•  121
    Azaransky's work highlights the theological contributions of Howard Thurman, Benjamin Mays, William Stuart Nelson, Pauli Murray and Bayard Rustin. She makes a compelling case that each of these thinker-activists needs to be better appreciated for their cutting-edge theological insights based on their thought and life experience with Mohandas Gandhi and his spiritual activism. Each reinterprets their own Christian views based on this larger worldwide experience that they have gained through study…Read more
  •  112
    The article examines the role of ethnic favoritism in maldistribution of national resources in Kenya and discusses two broad proposals for attacking such corruption. Evidence drawn from research in Kenya disproves the view of Chabal and Daloz, who argue that Africans prefer to distribute goods according to ethnic ties, and shows that frustration with the lack of alternatives to such a system, rather than enthusiasm for it, drives cooperation with corrupt maldistribution. One solution to the prob…Read more
  •  92
    Soon after taking power, three leaders of nonviolent African independence movements, Kwame Nkrumah of Ghana, Julius Nyerere of Tanzania, and Kenneth Kaunda of Zambia immediately turned to violent means to suppress internal opposition. The paper examines the reasons for the success of their Gandhian nonviolent tactics in ousting British colonial governments and argues that these new heads of state lost confidence in nonviolence due to a mixture of self-serving expediency, a lack of understanding …Read more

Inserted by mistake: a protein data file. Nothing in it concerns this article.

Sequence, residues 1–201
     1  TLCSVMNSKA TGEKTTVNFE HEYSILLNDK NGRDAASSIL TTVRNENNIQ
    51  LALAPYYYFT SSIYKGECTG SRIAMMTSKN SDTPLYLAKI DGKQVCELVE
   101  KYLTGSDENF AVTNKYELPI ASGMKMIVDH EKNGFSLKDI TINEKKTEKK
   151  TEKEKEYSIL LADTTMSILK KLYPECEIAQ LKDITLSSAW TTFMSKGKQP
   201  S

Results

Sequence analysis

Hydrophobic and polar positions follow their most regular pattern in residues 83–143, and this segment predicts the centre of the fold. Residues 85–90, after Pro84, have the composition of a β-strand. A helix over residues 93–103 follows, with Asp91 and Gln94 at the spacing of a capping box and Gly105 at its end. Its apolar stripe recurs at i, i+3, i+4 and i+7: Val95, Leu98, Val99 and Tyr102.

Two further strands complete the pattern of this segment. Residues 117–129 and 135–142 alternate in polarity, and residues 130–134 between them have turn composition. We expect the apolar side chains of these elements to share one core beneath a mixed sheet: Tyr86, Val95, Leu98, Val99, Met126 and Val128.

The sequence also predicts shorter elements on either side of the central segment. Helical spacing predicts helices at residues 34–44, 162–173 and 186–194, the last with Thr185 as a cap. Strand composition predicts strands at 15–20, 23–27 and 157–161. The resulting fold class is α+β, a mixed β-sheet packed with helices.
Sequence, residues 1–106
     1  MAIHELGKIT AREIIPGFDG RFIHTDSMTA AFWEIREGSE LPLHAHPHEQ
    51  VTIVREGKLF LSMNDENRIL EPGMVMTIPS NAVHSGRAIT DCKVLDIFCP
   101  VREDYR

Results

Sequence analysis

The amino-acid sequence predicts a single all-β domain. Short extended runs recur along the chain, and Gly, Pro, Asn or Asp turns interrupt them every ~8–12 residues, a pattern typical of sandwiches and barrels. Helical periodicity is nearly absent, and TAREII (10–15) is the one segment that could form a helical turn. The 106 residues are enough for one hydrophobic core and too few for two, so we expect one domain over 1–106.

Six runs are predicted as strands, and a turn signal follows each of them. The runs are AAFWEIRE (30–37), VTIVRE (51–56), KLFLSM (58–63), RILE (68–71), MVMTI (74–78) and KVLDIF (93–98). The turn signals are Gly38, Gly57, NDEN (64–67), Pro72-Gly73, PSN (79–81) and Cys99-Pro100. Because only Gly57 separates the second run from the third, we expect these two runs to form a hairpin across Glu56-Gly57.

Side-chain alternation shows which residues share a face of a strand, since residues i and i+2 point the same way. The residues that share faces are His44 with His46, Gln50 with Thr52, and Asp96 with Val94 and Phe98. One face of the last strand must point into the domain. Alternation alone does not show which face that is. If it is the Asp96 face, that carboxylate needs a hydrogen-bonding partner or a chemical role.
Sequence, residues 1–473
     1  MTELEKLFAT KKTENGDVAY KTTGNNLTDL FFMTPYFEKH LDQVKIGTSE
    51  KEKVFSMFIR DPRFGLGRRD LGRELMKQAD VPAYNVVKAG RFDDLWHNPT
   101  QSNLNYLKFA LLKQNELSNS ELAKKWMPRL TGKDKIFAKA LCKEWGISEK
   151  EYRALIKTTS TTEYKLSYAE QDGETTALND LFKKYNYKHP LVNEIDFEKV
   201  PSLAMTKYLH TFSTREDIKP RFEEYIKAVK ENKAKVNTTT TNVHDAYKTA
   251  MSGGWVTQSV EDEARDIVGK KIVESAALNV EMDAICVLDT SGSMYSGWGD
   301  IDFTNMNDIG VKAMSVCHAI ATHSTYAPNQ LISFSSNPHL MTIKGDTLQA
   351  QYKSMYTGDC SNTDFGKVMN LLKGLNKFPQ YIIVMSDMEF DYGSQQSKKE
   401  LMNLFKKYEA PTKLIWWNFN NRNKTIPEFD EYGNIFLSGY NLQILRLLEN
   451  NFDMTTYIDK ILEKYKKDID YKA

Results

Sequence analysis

•  79
    Compared to other ethnic groups in Kenya, the Maasai resisted working wage labor jobs, preferring to continue pastoral practices, even though “development” experts and Kenyans from other ethnic groups derided them as being “backward” and holding back the progress of the country. The phenomenon of Maasai reluctance to adapt to wage labor has been called a "conservative" trend by some, and a radical resistance by others. The British during colonialism seemed irritated and impatient with Maasai …Read more
  •  71
    “Bâtir une «culture nationale» interethnique et intergénérationnelle au Kenya”
    Diogène/Diogenes: Revue Internationale des Sciences Humaines 59 (235-236): 62-80. 2012.
    The challenges of building community based on a common identity that also respects differences has two different kinds of chasms to cross. There is the division of ethnic groups, and there is also the generational gap. Given recent problems of ethnic violence that broke out during the December 2007 elections, can contemporary Kenyans build community, coming to common understanding with others on issues such as value and identity? This is not a new problem. It has often been expressed as the need…Read more
  •  68
    Challenges of Founding a New Government in Iraq
    Constellations 12 (4): 521-541. 2005.